By Bion Johnson
In tech, we take the concept of specialization pretty far. Not only are roles for people highly specialized, but the focus of a given product’s development often is as well. There’s good reason for this.
When businesses attempt to make functioning, marketable products out of massively complex systems of logic, they need to winnow down the scope until they’re hopefully left with something that is both useful to users and technically feasible. In doing so, technologists effectively train themselves not to think about things outside of their purview.
The problem with this approach is that, all too often, we don’t notice that our creations have broader and unexpected results beyond what we intended. In the context of a society with clearly documented systems of oppression, this means we can build software that enables and or even amplifies those systems without it ever crossing our minds.
One doesn’t have to look hard to find examples of this. I doubt Google’s facial recognition team intended to make a system that classified the faces of black people as gorillas, or that their search team made it a goal for the top results for inquiries about Jewish people to be links to anti-Semitic hate groups. Airbnb probably did not consciously set out to give racial discrimination a foothold in travel accommodations.
Without an understanding of systemic oppression in our society, we as technologists are prone to being complicit in contributing to those systems simply by following our industry’s best practices and doing our jobs as best we can. However, based on the growing list of high-profile cases such as the above, technologists have no excuse for ignorance of this dynamic.
Furthermore, we are entering a period of technological integration into our society wherein decision-making algorithms are beginning to enshrine the aggregate biases of our institutions into processes in which individuals can no longer be held accountable.
There is a need in the tech industry to build an understanding of how to counteract these trends, and in Seattle we are fortunate to have some excellent resources readily available to do so. Organizations such as the People’s Institute Northwest and Moral Choice offer workshops and curriculum that not only help individuals gain an understanding of how systems of racial oppression function but also help institutions limit their contributions to these systems.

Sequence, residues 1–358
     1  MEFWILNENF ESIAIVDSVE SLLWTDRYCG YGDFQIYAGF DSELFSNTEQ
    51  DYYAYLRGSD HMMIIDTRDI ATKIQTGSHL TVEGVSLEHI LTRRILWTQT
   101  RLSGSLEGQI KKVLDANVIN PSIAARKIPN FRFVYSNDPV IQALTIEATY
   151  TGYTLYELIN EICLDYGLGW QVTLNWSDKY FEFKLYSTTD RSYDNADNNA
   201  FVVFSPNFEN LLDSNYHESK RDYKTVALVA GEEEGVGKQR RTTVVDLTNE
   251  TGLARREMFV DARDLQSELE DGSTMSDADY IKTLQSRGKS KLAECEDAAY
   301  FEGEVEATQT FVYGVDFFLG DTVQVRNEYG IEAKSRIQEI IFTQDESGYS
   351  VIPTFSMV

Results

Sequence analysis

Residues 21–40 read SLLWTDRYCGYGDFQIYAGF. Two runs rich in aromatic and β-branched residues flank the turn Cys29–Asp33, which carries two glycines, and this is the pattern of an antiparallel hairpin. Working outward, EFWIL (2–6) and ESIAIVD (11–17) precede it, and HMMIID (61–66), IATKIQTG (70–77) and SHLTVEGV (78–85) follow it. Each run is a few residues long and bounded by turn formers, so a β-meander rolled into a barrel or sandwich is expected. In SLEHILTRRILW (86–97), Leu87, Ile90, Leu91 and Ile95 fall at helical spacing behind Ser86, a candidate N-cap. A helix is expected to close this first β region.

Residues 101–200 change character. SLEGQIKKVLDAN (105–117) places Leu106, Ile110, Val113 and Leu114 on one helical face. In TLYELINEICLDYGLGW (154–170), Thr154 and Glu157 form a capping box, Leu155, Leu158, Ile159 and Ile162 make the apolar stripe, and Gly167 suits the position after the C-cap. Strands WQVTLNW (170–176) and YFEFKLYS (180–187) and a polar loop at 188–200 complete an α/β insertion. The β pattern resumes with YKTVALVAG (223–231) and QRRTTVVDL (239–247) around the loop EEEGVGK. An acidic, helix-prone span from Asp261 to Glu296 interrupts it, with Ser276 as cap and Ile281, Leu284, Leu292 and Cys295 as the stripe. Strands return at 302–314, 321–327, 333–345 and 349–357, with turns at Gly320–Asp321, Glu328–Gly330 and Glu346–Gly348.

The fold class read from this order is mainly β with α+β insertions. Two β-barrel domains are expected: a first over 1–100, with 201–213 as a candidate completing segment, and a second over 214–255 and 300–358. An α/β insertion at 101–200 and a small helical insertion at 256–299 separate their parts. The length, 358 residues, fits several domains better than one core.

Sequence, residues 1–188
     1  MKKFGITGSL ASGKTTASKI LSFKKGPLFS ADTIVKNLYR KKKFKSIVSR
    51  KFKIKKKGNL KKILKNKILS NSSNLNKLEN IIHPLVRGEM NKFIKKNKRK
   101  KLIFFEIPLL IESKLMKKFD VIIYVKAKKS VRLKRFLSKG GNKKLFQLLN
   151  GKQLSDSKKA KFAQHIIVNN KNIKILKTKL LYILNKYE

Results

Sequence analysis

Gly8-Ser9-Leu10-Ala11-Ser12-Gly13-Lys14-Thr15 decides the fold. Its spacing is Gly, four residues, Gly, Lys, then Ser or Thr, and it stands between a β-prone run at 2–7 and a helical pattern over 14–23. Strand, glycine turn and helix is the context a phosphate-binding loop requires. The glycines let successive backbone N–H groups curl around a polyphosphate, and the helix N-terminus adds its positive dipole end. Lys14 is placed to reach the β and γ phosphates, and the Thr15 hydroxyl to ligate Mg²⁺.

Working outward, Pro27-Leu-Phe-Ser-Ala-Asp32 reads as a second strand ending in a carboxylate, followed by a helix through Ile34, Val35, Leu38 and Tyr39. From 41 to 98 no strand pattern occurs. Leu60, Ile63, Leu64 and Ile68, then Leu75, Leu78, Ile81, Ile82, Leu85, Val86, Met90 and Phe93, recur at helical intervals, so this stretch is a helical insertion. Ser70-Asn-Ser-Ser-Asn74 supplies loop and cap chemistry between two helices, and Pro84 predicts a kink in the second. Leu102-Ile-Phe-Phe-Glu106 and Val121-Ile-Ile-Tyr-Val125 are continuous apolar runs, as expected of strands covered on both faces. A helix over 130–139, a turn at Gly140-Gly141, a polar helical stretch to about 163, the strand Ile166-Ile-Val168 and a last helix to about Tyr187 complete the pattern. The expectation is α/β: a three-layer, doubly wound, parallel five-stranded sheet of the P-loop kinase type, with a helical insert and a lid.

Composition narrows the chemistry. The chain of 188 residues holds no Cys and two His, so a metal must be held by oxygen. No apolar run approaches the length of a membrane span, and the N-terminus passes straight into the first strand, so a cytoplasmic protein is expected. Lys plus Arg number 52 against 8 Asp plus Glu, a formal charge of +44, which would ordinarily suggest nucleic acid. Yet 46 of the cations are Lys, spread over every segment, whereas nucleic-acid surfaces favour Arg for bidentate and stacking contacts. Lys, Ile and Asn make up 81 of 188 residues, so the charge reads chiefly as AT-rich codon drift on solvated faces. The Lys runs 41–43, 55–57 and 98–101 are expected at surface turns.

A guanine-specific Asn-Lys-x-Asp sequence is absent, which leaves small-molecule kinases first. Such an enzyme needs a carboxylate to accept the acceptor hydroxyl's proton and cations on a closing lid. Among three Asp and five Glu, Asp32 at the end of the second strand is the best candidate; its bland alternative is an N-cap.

A key lesson from anti-racism training is how to think proactively about systemic oppression, as opposed to making bewildered stabs at shutting the problem down after it crops up.
Companies need to be proactive rather than reactive. Google fixing their search results and facial recognition algorithm for specific phrases and images comes after widespread and highly-publicized complaint. It is at best still a patchwork approach. There are still plenty of earnest questions one can ask Google about marginalized groups that will result in page after page of hate and misinformation.
It’s hard to believe that a company that has tasked itself with curing death and eradicating aging can’t figure out how to filter white-supremacist websites from search results to general inquiries about populations facing prejudice. A search engine that approached anti-racism proactively would build safeguards against clearly racist search results into its core feature-set.
In order to work proactively against oppression, tech companies must make themselves accountable to people who are most vulnerable to prejudice. It shouldn’t take articles in international news for well-funded tech companies to notice they’re increasing the vulnerability of marginalized people to prejudiced behavior.
Technologists trained in anti-racism will know that their businesses need to incorporate systems of accountability not to news organizations and tech columnists but to communities and people who are historically oppressed.
How can Google, which is being used by white-supremacists as a conduit to engender racial, prejudice, make itself accountable to people of color who are the targets of that prejudice? How can Airbnb make itself accountable to travelers who are denied lodging on account of race or disability? Answering those questions is complex and difficult, and will require exactly the kind of intelligence and willingness to innovate tech workers often pride themselves on.
However, that won’t be enough without employing the expertise of people who have both studied and lived experiences of oppression. A good first step is engaging with organizations like The People’s Institute Northwest and Moral Choice.
This is not to say that these organizations will have ready-made solutions. What they offer is a way forward in bringing anti-racist methodology into our institutions and practices. The ultimate responsibility is on us.
Featured image is a CC licensed photo attributed to Tech Jobs Tour